The Swordfish is easily distinguished from the other species of billed boney fish by their flattened, sharply edged, upper jaw or “Sword”. They frequently use it much as warriors’ metal swords were used in years gone by, to SLASH at their enemies, or in the swordfish’s case, at their prey.
Anyone who has ever baited a swordfish by slowly trolling a bait in front of one and managed to get a bite, will never forget the sight and the sound of the sword- like upper jaw slicing through the water when the fish attacks the slow moving bait!
As a young deck hand, fishing out of Martha’s Vineyard, I was usually standing high up in the boats’ tower holding the fishing line very lightly between my thumb and forefinger. I’d be slowly making adjustments in the length of line we had to let out into the water to keep our bait close to, and in front of, the slowly moving fish, where he could not help but see the bait!
When the strike came, if it ever came, it was SAVAGE! The bill slicing through the water HISSED, loudly enough for me to hear it even in my elevated position up in the tower! Sometimes the line was snatched so savagely out of my fingers by the speed of the slashing bill that I got a blister from the line. There was no need for a sailfish type of free spool drop back! The skipper would back up for a few yards after getting a strike, then move the boat slowly ahead until the line came tight with the reel set at our strike drag and we had him on!
From the fish’s perspective, it had killed its prey and then swallowed it. When the line tightened, the fish was hooked, often deeply!
In more recent years, both commercial fishermen and sports anglers, reacting to techniques developed by Cuban commercial fishermen, have developed “deep dropping” techniques which changed catching a sword fish from the most unlikely event for a recreational angler, to the most common, except for the sailfish which is still the star billfish, especially for Florida waters, due in large part to their large populations and year round access for anglers with small boats.
The Sawfish which is called a “Saw Shark” in Australia, is really a member of the shark family and is not a boney telost fish. It is quite different from all the other billfish but also slashes like the boney Swordfish. This strange looking shark has a long, horizontal sword which is filled with wicked looking and very dangerous external teeth that raise havoc when swung through the schools of mullet in the shallow water in which saw fish thrive. Saw Fish can kill, or cripple, dozens of the small bait fish in a very short time! They then feed on the dead and dying at their leisure! Saw fish are feared by commercial fishermen, in whose nets they get hopelessly tangled, but remain capable of inflicting serious damage to both boats and the men in them! They are not considered to be a sport, or game fish!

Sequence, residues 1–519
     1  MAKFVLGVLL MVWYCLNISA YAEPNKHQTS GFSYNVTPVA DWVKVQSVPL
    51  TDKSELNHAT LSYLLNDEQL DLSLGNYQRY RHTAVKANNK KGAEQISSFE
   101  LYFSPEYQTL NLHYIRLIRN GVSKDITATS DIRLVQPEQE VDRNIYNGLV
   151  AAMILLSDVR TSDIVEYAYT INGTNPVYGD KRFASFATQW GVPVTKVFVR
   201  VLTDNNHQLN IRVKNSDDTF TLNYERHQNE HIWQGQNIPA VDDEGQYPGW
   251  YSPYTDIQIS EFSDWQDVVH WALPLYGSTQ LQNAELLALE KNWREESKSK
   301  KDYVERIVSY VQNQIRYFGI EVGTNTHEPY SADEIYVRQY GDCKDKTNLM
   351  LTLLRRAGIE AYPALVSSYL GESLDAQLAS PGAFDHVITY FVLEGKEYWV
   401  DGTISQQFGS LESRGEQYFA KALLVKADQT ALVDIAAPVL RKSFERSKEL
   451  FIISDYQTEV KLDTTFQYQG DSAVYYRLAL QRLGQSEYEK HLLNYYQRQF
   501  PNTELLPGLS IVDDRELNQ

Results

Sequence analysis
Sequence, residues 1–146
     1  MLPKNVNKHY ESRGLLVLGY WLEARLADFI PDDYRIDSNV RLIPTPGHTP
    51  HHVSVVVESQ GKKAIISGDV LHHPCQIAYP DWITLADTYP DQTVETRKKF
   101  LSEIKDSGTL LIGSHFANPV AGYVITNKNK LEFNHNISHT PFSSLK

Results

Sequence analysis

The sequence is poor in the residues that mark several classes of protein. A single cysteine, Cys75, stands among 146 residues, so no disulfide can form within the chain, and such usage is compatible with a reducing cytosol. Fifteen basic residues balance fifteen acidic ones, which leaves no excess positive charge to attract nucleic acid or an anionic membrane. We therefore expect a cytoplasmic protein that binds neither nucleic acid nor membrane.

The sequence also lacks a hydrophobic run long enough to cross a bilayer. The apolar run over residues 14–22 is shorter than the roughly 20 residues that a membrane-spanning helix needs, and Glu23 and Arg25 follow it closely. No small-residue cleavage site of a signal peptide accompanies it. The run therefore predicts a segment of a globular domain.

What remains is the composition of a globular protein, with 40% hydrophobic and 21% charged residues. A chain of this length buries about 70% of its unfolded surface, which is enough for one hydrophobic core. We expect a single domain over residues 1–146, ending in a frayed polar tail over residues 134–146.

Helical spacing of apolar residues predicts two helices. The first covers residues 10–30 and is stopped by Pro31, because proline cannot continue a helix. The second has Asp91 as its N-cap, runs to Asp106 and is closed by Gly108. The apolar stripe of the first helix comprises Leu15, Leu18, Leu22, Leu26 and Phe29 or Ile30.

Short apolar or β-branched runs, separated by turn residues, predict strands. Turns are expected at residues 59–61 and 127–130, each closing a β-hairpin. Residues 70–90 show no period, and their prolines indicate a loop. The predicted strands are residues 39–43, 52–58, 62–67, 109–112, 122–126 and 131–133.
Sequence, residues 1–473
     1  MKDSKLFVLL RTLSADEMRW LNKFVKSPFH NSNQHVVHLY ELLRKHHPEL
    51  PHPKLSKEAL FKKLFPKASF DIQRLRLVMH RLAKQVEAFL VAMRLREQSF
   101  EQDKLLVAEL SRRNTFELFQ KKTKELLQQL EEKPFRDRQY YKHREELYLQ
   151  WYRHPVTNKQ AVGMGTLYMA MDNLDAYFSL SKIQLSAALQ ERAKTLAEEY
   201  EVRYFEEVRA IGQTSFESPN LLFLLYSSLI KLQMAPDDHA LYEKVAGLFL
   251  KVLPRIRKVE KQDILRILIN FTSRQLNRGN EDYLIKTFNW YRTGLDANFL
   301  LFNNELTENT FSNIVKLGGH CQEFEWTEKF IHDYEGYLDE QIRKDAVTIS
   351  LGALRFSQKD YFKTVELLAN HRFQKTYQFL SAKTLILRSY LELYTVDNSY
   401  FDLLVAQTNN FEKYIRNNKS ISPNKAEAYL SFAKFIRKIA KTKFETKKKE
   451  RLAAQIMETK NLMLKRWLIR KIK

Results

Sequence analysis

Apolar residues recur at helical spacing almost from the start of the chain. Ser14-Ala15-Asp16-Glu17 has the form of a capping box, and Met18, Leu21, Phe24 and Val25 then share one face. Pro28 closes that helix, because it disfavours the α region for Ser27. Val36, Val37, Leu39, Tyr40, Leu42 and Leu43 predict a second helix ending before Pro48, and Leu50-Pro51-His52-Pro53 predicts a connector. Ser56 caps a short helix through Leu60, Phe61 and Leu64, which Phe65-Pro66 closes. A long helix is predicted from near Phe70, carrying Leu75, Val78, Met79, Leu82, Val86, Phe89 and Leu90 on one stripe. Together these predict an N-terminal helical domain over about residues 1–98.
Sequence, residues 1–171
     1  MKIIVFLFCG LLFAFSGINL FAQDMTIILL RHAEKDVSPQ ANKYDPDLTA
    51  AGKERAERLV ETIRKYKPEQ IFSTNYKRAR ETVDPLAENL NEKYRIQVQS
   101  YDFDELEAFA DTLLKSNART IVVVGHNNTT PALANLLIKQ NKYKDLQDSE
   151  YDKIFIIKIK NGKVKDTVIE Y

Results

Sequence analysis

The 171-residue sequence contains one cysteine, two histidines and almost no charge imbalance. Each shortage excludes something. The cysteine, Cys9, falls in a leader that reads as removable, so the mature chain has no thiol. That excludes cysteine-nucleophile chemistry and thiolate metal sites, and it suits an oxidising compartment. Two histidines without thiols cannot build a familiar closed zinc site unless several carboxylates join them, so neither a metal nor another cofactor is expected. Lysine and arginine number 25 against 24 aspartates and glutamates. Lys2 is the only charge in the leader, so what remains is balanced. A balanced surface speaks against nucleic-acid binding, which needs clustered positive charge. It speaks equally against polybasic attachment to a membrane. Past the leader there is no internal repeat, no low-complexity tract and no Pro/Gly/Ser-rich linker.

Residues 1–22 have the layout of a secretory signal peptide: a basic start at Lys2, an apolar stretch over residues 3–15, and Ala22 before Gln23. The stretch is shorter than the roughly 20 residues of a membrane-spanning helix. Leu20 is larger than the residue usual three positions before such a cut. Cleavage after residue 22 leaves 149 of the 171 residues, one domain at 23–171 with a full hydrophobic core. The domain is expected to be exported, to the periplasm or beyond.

The Billfish that recreational anglers seek around the globe all have very similar ways of catching, killing and then swallowing the prey on which they feed. It is quite different from the SLASHING attack of a Broadbill Swordfish! These Billfish all have rounded, tapering, boney jaws, with very strong muscles that can make the upper and lower jaws clamp tightly enough together to easily kill most of their prey species if the jaws close on their vital organs.
Both upper and lower jaws have a multitude of very tiny, external teeth, called “denticles” which gives them a rasp like surface on both upper and lower jaws. This helps them to hold on to their prey when they succeed in grabbing it with their jaws.
Sailfish and marlin only rarely slash at a single food item, such as a single fish, squid or eel with the sideways movements of Saw Fish and Swordfish. However, there is one fairly common exception to this no “slash rule”. It is the tendency of both marlin (especially the smaller white and striped marlin) and sailfish to slash their bills wildly into any of the compact schools of very small bait fish that anglers and crews often refer to as bait balls or “Meat Balls.” A large pack of sail fish will often work together in order to round up a school of hundreds or even tens of thousands of their prey, forcing them into a tightly packed school. They can then take turns attacking the school of bait, rapidly killing or wounding hundreds or thousands of the small fish by slashing into the dense school with their upper jaws, that we call the bill! When this occurs, multiple dead and dying bait fish can then be easily taken directly into the billfish’s mouth and rapidly swallowed in an orgy of feeding. It takes very little skill to feed a dead natural bait to a billfish under these conditions.
Finding Billfish feeding on a meat ball is an anglers dream come true! By free spooling a dead natural bait, or a badly wounded live bait, into a meat ball and allowing it to sink, an angler can create an easy meal that is hard for a hungry fish to resist! By releasing the reel’s drag and pulling out several feet, or a few yards/meters of line, before getting a strike or a pickup, it is easy to detect when a fish picks up the bait and begins to move on to get another meal. Engaging the reel and winding in the slack line until it comes tight is all it takes to have a good hook up! If the prey is small enough, and the meat ball is dense enough, both sailfish and marlin will rush into the massed school with their mouths wide open and suck one or more small minnows into their mouth and throat along with an excess of water, which is then forced back out through the gill rakes and the food is swallowed. A small live or dead bait will usually get a bite in this situation as well.
So, When Do You Need to do a serious Drop back? And How Do You do it?
A single marlin of any species or a sailfish, usually attacks any single, lone prey from underneath and behind or from off to one side. Rarely does a bait rush toward a large predator!